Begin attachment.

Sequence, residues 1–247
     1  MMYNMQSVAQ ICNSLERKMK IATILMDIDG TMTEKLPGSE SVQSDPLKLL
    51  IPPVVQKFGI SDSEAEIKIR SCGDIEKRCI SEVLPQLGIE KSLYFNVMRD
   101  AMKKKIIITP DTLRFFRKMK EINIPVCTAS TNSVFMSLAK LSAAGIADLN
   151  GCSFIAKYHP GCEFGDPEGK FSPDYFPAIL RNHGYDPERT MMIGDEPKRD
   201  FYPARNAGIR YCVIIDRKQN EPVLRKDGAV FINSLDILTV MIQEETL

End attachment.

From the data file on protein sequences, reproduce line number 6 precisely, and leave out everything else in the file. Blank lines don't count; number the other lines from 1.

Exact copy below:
   201  FYPARNAGIR YCVIIDRKQN EPVLRKDGAV FINSLDILTV MIQEETL